When I think of books, I think of a story told in words between a front and back cover. But recently, Diane, owner of East Side Books, turned me on to a whole new genre: vintage books that feature remarkably beautiful illustrations, drawings, and color plates.
Without Diane’s tutelage, I never would have stopped and looked at a book entitled Mushrooms by Albert Pilat. But once Diane showed me the full page color illustrations rendered by artist Otto Usak, I immediately got lost in the gorgeous colors and contours of exotic species of fungi. Along those same lines, The Book of Fish published in 1924 features “92 color plates of familiar salt and fresh-water fish” as beautifully painted by artist Hashime Murayama. The Handbook of Nature-Study by A.B. Comstock is a vintage textbook of quite innovative teaching lessons, but it is the utterly charming black and white illustrations that kept me turning the pages.
Once Diane had piqued my interests in vintage illustrations, she moved me over to our Nature Section and shared with me the books of Ernest Thompson Seton. Seton was a turn-of-the-century nature writer and wildlife artist. It was Seton’s book The Birch Bark Roll of the Woodcraft Indians that was the initial inspiration behind formation of the Boy Scouts of America. East Side Books carries a shelfful of Seton’s classics such as Wild Animals I Have Known, Arctic Prairies, Rolf in the Woods, The Book of Woodcraft, and The Biography of a Silver Fox. Not only are the stories wonderful, but the borders of the pages are filled with delightful black and white illustrations by Seton that give his books the feel of a naturalist’s journal.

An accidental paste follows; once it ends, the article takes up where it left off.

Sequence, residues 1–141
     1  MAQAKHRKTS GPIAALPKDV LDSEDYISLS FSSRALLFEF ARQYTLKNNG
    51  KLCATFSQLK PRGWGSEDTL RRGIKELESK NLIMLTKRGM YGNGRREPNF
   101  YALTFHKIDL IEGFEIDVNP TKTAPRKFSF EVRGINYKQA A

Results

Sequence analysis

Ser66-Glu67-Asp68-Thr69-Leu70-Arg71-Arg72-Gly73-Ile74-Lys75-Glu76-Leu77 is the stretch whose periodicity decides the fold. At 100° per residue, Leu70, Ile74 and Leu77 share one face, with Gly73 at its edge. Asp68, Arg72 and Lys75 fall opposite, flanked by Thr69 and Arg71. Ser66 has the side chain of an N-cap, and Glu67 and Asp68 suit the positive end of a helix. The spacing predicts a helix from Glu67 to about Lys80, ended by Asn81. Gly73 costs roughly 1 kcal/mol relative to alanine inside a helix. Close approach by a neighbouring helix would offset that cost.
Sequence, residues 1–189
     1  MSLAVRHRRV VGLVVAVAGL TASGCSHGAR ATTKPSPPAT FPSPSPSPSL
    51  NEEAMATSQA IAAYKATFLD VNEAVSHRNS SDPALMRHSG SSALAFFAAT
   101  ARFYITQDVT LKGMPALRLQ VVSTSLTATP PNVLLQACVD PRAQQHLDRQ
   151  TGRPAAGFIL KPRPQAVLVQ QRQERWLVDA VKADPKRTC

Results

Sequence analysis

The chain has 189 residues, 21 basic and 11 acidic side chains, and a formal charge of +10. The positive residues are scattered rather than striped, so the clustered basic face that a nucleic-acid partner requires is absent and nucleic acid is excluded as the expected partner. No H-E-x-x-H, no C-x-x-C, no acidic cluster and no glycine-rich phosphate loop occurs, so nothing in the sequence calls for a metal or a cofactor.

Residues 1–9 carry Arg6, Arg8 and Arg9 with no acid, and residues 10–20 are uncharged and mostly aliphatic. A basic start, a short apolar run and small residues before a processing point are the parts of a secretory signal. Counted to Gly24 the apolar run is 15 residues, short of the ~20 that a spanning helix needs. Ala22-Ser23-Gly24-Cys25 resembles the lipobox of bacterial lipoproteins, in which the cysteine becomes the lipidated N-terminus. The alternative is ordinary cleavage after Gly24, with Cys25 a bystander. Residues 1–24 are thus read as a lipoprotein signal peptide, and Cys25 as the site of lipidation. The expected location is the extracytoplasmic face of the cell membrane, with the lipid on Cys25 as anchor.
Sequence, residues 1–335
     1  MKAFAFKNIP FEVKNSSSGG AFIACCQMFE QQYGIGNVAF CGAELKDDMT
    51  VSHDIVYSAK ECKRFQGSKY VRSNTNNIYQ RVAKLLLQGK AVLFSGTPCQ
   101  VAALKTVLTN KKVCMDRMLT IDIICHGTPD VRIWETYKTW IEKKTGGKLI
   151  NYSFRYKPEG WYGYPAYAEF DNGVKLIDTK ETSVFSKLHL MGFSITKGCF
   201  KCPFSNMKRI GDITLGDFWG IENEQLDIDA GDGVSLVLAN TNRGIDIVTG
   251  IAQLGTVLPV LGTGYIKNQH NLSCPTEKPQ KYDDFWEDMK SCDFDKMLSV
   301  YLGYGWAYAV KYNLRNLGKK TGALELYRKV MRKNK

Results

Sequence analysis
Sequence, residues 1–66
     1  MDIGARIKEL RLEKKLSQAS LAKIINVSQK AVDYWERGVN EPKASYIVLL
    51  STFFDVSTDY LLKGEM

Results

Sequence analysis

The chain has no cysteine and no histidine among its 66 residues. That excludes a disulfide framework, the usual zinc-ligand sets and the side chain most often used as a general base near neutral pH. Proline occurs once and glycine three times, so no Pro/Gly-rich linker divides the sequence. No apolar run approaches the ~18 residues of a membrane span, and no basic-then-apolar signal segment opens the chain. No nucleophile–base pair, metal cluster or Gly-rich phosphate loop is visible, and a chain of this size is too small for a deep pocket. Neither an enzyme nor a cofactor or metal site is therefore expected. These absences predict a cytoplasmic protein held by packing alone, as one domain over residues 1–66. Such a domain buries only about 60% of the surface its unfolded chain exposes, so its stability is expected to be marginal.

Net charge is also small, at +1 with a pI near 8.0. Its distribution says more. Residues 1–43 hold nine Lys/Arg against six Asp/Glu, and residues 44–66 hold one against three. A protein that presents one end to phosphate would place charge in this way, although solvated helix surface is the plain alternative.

We also have a number of books by naturalist Edwin Way Teale. His books often rely on photos as well as drawings, but the illustrations by Edward Shenton are spectacular. Especially his work for the book Dune Boy including the lovely cover art.
Other turn-of-the-century vintage natural histories used not one but several, sometimes dozens, of illustrators and artist to complete their volumes. One of the better known nature books is The American Natural History by William T. Hornaday. East Side Books houses several editions of this book and the original drawings are not to be missed. Also excellent is The Library of Natural History by Richard Lydekker. This 1904 edition features beautiful black and white illustrations of birds and an introduction by Ernest Thompson Seton.
One of Diane’s favorite examples of color illustration come from a 1941 edition of Webster’s Encyclopedia Dictionary. Although this thick tome is a bit battered and torn, the pictures burst from the page with resplendent vitality. This classic is a real steal at only $5.
My favorite illustrations come from a 1932 Atlas of Human Anatomy with original drawings by K. Hajek. I have taken a number of anatomy classes over the years and bought several different anatomy textbooks, but none have been as detailed and as thorough as this edition by Dr. Johannes Sabotta. I’m not sure that I will be able to resist adding it to my pile of books during my next visit to East Side Books.
And you don’t have to be afraid that getting hooked on vintage nature books will take toll on your checkbook. Most of these volumes are reasonably priced between $8-$25.
If you like a little something besides words between your covers, I suggest you check out the display of vintage illustrated books that Diane and staff have created on top of the glass case in the Nonfiction Room. If you are looking for illustrated books in other areas of interest, please don’t hesitate to ask Diane for assistance. She is the best at unearthing hidden treasures and piquing interests you didn’t even know you had.